This is maybe the toughest question, because there are so many I want to mention. I’m going to cheat and recommend several. The first is Baring-Gould’s Sherlock Holmes of Baker Street, because it threw open the door that there is more to Holmes and Watson’s lives than the infinitely small amounts recorded in The Canon. Then there’s Nick Meyer’s The Seven-Per-Cent Solution. I don’t think it’s his best pastiche, but it was the first little grain of sand that became the still-growing avalanche of modern Sherlockiana. Additionally, it let people understand that Holmes adventures can be good – or great – without having crossed the First Literary Agent’s desk. Finally, there’s the 3-volume set of The Canon edited by Edgar W. Smith (the Heritage Press edition, with the raised silhouette of Holmes as by F.D. Steele on the covers). This version doesn’t have all the extras of the four Annotated Canons (Baring-Gould, both Klingers, and the Oxford), but it’s an edition of the Holmes stories prepared by a Master Sherlockian – a true labor of love – and it’s what I use when re-reading The Canon.

Where do you see Sherlockiana in 5 or 10 years from now?

Well, Sherlockiana certainly won’t diminish in any way. Interest in Holmes – or other Holmes-like characters – is always there. Sometimes – like when I read a Solar Pons tale two years before discovering Holmes, or when someone enjoys House and doesn’t realize that he’s very Holmes-like – people are getting exposed to the Holmes Pattern and they don’t even realize it, so when they do encounter the legitimate Holmes, they’re already primed to enjoy him.

New Holmes projects will always be in the works. I believe that my own area of interest – more and more stories in the Canonical mode – are well-assured of continuation. I sometimes write that I’m a Missionary of The Church of the Canonical Holmes – and it’s good to feel confident that Holmes will stay around. With the new publishing paradigm opening the door to so many authors who previously had no good outlets, and the availability of new adventures in all sorts of formats for the ever-growing group of readers who want them, the Holmes genie is truly, finally, and wonderfully out of the bottle.

Thanks again including me in this project!

Sunday, July 24, 2022

Interesting Interview: Janice Weiner

Janice Weiner is a Sherlockian that not enough people know about. Invested into the Baker Street Irregulars this year, she is clearly someone who has been contributing to Sherlockiana for some time now. But she's not one to toot her own horn. So I'm going to toot it for her!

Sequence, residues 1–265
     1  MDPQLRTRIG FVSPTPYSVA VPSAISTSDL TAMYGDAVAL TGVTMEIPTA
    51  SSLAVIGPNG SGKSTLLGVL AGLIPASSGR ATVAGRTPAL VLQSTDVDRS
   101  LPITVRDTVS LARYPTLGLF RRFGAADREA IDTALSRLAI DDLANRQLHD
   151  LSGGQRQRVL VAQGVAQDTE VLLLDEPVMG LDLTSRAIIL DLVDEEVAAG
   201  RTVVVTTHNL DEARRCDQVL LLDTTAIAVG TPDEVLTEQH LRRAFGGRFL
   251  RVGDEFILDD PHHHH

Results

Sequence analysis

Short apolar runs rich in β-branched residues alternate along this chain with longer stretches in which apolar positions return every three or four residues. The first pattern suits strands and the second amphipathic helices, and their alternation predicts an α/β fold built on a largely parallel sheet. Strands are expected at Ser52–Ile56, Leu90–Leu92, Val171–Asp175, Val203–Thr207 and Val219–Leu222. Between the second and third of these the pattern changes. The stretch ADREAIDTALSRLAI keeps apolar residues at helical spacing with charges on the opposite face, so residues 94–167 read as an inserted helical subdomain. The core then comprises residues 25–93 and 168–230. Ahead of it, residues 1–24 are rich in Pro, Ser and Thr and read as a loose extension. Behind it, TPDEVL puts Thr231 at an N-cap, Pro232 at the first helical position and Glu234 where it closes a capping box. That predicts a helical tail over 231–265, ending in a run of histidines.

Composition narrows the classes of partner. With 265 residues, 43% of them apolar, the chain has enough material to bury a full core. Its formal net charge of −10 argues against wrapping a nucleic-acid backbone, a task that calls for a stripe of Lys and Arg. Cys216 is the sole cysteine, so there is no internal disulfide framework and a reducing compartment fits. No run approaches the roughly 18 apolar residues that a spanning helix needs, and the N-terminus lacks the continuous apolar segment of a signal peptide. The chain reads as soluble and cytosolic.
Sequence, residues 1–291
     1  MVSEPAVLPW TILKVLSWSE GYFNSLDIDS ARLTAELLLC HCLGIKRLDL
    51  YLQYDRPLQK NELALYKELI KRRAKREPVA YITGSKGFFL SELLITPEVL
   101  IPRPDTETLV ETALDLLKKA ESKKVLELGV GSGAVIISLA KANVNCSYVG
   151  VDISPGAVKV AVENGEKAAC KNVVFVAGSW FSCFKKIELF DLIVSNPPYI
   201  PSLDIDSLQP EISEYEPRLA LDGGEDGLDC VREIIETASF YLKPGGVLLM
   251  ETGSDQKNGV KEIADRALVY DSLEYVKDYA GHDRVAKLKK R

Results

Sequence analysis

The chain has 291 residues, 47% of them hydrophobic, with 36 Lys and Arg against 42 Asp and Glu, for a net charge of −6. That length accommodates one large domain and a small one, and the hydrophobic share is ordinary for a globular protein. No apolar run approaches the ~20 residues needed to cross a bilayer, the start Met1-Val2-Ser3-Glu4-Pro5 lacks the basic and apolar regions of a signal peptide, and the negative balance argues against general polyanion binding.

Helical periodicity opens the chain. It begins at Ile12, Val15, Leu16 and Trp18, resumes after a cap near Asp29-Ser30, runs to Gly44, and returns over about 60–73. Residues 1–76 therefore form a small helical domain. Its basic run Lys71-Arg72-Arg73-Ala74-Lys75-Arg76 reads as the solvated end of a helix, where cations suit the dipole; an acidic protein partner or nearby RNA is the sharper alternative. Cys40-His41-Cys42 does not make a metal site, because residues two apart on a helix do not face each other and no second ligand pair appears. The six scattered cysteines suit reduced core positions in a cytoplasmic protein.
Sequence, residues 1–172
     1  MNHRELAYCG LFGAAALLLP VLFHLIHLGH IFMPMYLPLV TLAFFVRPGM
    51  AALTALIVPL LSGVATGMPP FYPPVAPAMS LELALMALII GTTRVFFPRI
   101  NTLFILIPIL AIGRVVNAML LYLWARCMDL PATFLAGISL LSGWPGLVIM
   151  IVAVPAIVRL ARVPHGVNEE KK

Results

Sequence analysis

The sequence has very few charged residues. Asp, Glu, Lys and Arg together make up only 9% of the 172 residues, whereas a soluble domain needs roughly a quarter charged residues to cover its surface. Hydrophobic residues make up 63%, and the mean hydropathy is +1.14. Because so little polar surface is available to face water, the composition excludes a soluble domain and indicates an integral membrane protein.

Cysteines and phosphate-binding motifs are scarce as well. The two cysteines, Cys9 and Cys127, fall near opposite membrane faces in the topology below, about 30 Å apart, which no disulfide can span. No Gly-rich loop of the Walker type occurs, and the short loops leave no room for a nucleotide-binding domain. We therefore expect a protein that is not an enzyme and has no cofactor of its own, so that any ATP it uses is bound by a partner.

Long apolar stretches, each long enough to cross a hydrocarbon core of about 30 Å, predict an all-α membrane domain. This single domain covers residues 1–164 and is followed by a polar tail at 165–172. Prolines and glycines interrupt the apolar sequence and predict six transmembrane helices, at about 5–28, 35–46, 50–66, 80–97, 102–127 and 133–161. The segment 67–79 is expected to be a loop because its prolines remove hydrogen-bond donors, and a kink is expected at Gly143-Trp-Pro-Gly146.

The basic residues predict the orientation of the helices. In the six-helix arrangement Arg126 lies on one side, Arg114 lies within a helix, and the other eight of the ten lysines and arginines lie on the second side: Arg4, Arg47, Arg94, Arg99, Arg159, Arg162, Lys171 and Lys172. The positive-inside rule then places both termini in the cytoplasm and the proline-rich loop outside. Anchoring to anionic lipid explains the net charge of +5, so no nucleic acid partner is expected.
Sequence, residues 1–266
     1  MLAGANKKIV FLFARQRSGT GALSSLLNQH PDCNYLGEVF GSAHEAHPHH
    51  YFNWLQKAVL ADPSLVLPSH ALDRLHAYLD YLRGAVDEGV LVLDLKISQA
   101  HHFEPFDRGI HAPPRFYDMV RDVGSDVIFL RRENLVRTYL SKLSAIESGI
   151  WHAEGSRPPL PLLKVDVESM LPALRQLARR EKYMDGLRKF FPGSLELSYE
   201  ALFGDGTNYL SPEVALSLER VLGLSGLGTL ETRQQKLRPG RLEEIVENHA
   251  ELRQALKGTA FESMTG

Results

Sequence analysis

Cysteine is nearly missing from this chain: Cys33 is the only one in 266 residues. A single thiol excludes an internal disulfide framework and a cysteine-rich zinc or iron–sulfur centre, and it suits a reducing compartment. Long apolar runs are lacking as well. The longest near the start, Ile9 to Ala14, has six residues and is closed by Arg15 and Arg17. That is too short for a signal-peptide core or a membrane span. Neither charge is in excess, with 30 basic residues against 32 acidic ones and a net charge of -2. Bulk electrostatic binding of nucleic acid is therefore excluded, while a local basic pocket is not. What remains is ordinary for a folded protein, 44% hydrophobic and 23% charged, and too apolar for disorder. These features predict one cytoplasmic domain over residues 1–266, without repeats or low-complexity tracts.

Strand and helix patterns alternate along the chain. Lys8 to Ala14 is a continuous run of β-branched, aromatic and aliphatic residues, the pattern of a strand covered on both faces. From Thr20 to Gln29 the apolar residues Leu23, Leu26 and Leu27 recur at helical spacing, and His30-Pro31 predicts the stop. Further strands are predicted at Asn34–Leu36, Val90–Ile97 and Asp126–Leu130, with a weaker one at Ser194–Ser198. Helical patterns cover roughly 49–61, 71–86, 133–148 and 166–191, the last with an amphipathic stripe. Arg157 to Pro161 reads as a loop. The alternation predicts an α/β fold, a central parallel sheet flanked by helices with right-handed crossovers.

Janice has a history of giving great talks and toasts and has earned the Fortescue Scholarship. She's a member of a ton of Chicago area Sherlockian societies, and has run the Scotland Yarders for over ten years, after being a founding member and editor of the scion newsletter. She's a familiar face at many functions, including BSI Weekends, Minnesota conventions, and the recent Celebration of Sherlock Holmes. So let's get to know our fellow Sherlockian this week, Janice Weiner!

How do you define the word “Sherlockian”?

A Sherlockian is a person who has read the Canon. The person has succumbed to Holmes’s allure however finding out about him. Whether or not that person came to reading the Canon as a child or after seeing one of the TV shows or movies showcasing Holmes, perhaps as an adult, I believe having read the Canon a person can intelligently talk about portrayals of Holmes (and the Canonical stories). If one does not know the original Holmes, how can one discuss the differences in all the versions of stories, etc. with any validity? But, a Sherlockian does not have to focus on the original Canon. Have fun with Holmes whether in cosplay, alternative versions of stories, etc. Just read the original Canon at some point.

How did you become a Sherlockian?

I read my first Holmes story as a ten-year-old. It was an abridged "The Adventure of the Speckled Band" in a Reader’s Digest book for kids. Later on, I believe while in college, I read the Doubleday collection of the Canon. I had been going to Scotland Yard Books for some time and was intrigued when the store started a scion, obviously The Scotland Yarders. I attended the organizing meeting and have been involved in the group ever since. Through the Scotland Yarders I became aware of other scions and the widespread interest in Holmes.

What was your profession and does that affect how you enjoy being a Sherlockian?

When I was teaching (I was a junior high school librarian) I worked with two 8th grade teachers to introduce Holmes to the students. One teacher had me talk about Holmes and the other had me create a weeklong unit about Holmes and the Victorian Era. Unfortunately, when those teachers retired Holmes was booted from the curriculum.